Winer is chief theater critic and arts columnist for Newsday, which she joined in 1987.
Seems like old times on Broadway this fall.
But don't take your nap yet. Really. I don't mean old in the ho-hum decrepit sense, at least not with the commercial theater aglow in the autumnal promise of another new season. I mean old in the paucity of new plays (four) and musicals (three) in the 16 openings scheduled before the end of the year. (Seventeen if you count the return of a magician act, "The Illusionists," for the holidays.)
There are five revivals of seriously interesting plays, with genuinely enticing casts -- including Clive Owens making his Broadway debut in "Old Times," written in 1971 but, like most of Harold Pinter's elusive adventures, it hasn't aged a minute. I can't imagine anyone complaining about the seasoned glory of Cicely Tyson and James Earl Jones getting together for another hand of "The Gin Game," circa 1977. Nor can we be anything but excited about the 50th anniversary production of "Fiddler on the Roof," directed by Bartlett Sher with his creative team from "South Pacific" and "The King and I."
Granted, there are Broadway newcomers -- but in new spins on familiar work. This includes Bruce Willis in a stage version of the Stephen King novel and 1990 movie, "Misery," Keira Knightley in a new adaptation of Emile Zola's 1867 novel "Thérèse Raquin" and Jennifer Hudson is in a rethought British revival of "The Color Purple." The life and music of Gloria and Emilio Estefan are celebrated in what appears to be a jukebox bio, "On Your Feet!"
At the center of the new/old headlines is Andrew Lloyd Webber, back at the Winter Garden Theatre where "Cats" opened in 1982 and ran 18 years. That record was broken by his "Phantom of the Opera," which opened in 1986 and lives perhaps forever.
It is no secret, however, that Lloyd Webber, once the most successful composer-tycoon on Broadway, followed those hits with a string of disappointments -- including "Aspects of Love," "Whistle Down the Wind," "The Beautiful Game," "The Woman in White" and "Love Never Dies." Not all of them even made it from London to New York.
So there is special interest in the fate of "School of Rock," which begins previews Nov. 9 at the Winter Garden. For starters, this is his first new show to open cold on Broadway -- unless you count a high profile workshop held downtown in June.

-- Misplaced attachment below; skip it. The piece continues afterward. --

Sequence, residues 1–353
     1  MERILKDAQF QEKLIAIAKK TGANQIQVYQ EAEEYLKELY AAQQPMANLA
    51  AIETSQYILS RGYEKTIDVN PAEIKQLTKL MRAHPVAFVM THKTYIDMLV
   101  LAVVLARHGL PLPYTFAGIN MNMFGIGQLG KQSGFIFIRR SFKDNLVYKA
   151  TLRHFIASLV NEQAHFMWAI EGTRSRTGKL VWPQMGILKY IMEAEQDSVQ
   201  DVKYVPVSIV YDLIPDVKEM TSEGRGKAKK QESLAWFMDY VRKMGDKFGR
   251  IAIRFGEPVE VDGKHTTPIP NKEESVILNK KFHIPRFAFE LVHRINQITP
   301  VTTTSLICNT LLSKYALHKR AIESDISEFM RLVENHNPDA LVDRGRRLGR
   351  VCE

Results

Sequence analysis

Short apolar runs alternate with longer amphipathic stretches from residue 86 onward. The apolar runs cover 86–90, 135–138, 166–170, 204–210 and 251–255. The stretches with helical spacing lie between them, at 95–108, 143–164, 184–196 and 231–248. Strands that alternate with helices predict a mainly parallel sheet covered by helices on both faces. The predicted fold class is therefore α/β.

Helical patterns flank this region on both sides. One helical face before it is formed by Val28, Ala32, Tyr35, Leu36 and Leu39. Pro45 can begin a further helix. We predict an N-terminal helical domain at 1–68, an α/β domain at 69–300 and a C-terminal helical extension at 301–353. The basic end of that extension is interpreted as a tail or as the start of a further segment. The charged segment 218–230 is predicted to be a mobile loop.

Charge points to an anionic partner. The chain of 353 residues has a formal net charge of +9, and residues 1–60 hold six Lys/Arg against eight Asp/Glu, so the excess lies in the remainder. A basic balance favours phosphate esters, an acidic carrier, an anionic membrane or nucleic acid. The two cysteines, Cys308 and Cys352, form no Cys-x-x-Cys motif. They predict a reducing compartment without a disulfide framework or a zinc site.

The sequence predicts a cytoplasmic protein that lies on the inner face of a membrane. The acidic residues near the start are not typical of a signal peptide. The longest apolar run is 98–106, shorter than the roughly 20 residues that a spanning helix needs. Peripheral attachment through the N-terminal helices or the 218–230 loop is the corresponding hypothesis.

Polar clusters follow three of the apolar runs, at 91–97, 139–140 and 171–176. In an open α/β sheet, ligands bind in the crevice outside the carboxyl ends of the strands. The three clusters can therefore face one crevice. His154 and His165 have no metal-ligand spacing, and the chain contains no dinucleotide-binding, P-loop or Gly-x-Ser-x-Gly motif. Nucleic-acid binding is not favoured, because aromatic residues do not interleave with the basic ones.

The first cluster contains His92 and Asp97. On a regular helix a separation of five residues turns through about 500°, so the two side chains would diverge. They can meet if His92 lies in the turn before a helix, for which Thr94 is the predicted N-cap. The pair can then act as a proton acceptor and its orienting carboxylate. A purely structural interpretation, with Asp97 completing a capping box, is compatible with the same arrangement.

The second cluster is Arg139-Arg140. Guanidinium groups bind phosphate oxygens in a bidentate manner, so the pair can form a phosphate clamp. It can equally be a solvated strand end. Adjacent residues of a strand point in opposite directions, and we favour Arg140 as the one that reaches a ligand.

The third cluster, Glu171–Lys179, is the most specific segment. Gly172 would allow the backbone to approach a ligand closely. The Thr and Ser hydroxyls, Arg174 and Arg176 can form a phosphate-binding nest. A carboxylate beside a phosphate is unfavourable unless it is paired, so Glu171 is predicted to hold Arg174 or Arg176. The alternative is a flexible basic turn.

Although Lloyd Webber is hardly a stranger to movie adaptations -- see "Sunset Boulevard" -- this one comes from a relatively recent film, the beloved 2003 comedy that starred Jack Black as Dewey Finn, a failed rocker who takes a job as a substitute teacher. Alex Brightman plays the guy who inspires his fifth graders by herding them into a rock group. Genuine kids play the kids, who also play their own instruments.
Other highlights of the season include Al Pacino, back with his buddy David Mamet in a new play, "China Doll." And in contrast to what sound like musical retreads is George Takei, making his Broadway debut in "Allegiance," a new show about a Japanese-American family during World War II.
Unlike last fall, which was dominated by American actors in American plays, two of the most intriguing offerings are imported from London. "King Charles III," Mike Bartlett's verse fantasy about the long-delayed ascension of Prince Charles, arrives with an Olivier Award and major buzz.
The other is an unexpected hybrid, a revival of Arthur Miller's 1955 "A View from the Bridge" in a celebrated British production directed by Belgian auteur Ivo van Hove. Although New York will have other Miller revivals in honor of his Oct. 17 centennial, the only other two this fall are Off-Broadway ("Incident at Vichy" at Signature Theatre and, yes, a Yiddish "Death of a Salesman" by the New Yiddish Rep.).
"It is hard to complain about a season in which Sam Shepard gets to break the gates of Broadway, even if the smartly cast play, "Fool for Love," was Off-Broadway news in 1983. But when the newest play among the revivals is "Sylvia," A.R. Gurney's lovable shaggy-dog comedy from 1995, it seems clear that old times -- even ones that turn out to be good old days -- are now.